Data were gathered using validated and pretested questionnaires administered by interviewers. The questionnaire asked about sociodemographics, knowledge of iodised salt and iodine deficiency-related diseases, and attitudes and practices toward iodised salt. The knowledge and attitude questions included: ‘What benefit does it have over the other types of salt?’; ‘What are your methods to prevent IDD in the family?’; ‘In your opinion, do all types of salt have iodine?’; In your opinion, does iodine change the taste of the salt?’. The English questionnaire was prepared, translated into the local language and then translated back to English. We pretested our questionnaire with 5% of the total study participants in a similar set-up to validate, standardise and rule out any ambiguities and discrepancies. The reliability of the questionnaire was measured using Cronbach’s α test, and it was 0.72. Six well-trained health extension workers collected the data, and a laboratory technologist was tested the collected iodised salt sample on a daily basis. The data were collected under close supervision, and the principal investigator performed a daily double-check for completeness before saving the collected data.
Salt sample collection and laboratory analysis
Each eligible household was given one medium-sized teaspoon of iodised salt (approximately 20 g), which was packaged in airtight plastic bags and transported to the eastern branch of Ethiopia Food and Drug Authority’s food laboratory for analysis. To determine the iodine content, the WYD Iodine Checker (National Salt Research Center, Tianjin, China) was used.24 The sample’s iodine concentration was determined by taking the average of the two readings, and the Westgard rules with Levey-Jennings charts were used for internal bench quality control for daily routine monitoring of the WYD Iodine Checker performance characteristics. Throughout the analysis, the percentage coefficient of variation ranges from 2.5 to 5.0.
Adequate iodised salt
It is defined as iodised salt with an iodine concentration greater than or equal to 15 ppm.
Subjects were graded by asking and marking correct answers to a series of questions about iodised salt and iodine deficiency-related diseases. A dichotomous scale was used to assess the study participants’ knowledge level. A total of nine knowledge questions were posed to the participants. A participant receives 1 point if he or she correctly answers one or more of the questions. Then, for those who responded, a correct answer was marked as ‘yes’ or 1, while an incorrect answer was marked as ‘no’ or 0. Knowledge was then assessed by calculating the mean of the nine items and determining whether participants scored more than or equal to 4 points, categorised as having good knowledge, while a participant who scored equal or less than 3 points was categorised as having poor knowledge.25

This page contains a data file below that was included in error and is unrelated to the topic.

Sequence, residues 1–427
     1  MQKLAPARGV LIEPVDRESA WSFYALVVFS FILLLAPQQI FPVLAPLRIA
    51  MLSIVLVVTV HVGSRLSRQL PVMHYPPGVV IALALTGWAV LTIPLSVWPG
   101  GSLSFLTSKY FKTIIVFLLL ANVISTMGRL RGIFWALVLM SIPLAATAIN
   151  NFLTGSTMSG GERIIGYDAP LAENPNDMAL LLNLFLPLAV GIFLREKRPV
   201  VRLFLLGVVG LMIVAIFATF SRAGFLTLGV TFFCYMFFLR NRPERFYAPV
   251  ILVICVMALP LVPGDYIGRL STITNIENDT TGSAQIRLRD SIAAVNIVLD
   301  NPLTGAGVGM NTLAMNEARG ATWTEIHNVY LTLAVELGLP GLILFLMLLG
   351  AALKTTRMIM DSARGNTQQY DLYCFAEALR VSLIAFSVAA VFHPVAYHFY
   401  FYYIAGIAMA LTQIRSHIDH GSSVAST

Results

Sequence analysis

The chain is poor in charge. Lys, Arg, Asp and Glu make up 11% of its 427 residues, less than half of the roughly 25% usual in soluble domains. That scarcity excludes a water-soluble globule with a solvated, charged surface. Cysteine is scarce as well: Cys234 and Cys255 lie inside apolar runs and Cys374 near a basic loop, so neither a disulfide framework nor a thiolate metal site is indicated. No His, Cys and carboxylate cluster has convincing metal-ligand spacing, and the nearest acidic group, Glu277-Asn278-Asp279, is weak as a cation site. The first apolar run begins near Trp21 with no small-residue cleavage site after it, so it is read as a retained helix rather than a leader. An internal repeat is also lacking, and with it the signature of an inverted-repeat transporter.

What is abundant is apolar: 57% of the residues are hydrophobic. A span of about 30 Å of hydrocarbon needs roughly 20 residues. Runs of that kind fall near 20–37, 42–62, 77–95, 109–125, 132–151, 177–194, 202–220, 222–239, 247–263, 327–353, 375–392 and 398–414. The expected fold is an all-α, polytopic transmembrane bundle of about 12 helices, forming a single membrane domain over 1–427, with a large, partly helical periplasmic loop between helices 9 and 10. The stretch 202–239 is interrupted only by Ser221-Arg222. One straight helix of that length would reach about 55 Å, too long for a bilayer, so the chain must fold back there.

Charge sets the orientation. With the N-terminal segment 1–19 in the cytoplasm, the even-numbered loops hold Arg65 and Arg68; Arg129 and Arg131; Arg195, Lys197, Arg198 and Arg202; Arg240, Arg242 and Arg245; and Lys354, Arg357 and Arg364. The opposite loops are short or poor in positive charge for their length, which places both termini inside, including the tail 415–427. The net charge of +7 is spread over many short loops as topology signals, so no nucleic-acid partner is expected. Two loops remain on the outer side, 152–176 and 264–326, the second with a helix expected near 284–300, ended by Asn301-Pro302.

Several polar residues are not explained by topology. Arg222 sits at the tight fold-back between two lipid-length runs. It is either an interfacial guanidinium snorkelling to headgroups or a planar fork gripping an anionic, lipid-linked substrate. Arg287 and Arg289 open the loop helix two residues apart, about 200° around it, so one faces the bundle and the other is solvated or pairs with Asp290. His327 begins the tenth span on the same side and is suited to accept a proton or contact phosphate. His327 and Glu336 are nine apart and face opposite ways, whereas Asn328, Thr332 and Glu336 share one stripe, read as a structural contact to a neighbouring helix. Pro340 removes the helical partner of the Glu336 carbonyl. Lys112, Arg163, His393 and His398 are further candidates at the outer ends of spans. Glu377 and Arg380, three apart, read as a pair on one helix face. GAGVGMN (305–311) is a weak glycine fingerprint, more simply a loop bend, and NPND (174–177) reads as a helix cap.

There were a total of eight attitude questions about iodised salt. A Likert scale is used to assess attitude, with five possible responses: strongly agree, agree, uncertain, disagree and strongly disagree. The responses were labelled with three response categories: ‘agree’, ‘neither agree nor disagree’, and ‘disagree’. Each positive response (agree) received a score of ‘1’, while each negative response received a score of ‘0’. The maximum possible score for the eight attitude-related questions was ‘8’, and the minimum possible score was ‘0’. If the average attitude score is lower than the mean, the attitude is considered poor attitude; if it is higher than the mean, the attitude is considered good attitude.
A total of eight practice questions were included to assess proper utilisation. Scores on iodised salt utilisation ranged from 0 to 1. When the respondent did not at all practise using iodised salt, ‘0’ was assigned as a score. If their response was ‘no’, the score was ‘0’, but if they answer ‘yes’ and ‘practice’, the score was ‘1’, whereas improper utilisation was defined as practising at least one time that reduces the iodine content or concentration of 15 ppm in the salt, or when respondents did not use adequately iodised salt.
Data management and analysis
Data were collected with the KoBoTool software and entered into Microsoft Excel before being transferred and analysed with the SPSS V.25. Basic descriptive statistics such as frequencies, means, medians and percentages were calculated and presented for categorical and continuous variables. Pearson’s χ2 test was employed to assess the statistical significant association between proper utilisation of iodised salt and sociodemographic variables. Iodine concentration is expressed as mean and SD (mean±SD). The outcome variable yielded a binary result (1=proper iodised salt utilisation and 0=improper iodised salt utilisation). Because of the cluster classification of households, the logistic generalised estimating equation was used to identify the factors for proper iodised salt utilisation. However, because the cluster method is prone to higher sampling error, it had an impact on statistical analysis. The probability distribution was binomial with a logit-link function, and the working correlation matrix structure was interchangeable (with a small quasi-likelihood under the independent criterion).26 The covariance matrix served as a robust estimator, and the scale parameter was the individual’s χ2. Bivariate logistic regression was used to identify the important independent variables. ORs were calculated to determine the strength of associations of the independent variable with the outcome variable at a 95% CI. Furthermore, variable interactions were evaluated at a p value of 0.05, and confounding variable was assessed using a backward and forward elimination procedure, and each variable causing a >20% change in the coefficient of the parameters between the reduced and full model was considered confusion.26 Collinearity was tested using the variance inflation factor (VIF), and if the VIF was greater than 10, the predictive variables were considered collinear and dropped from the model.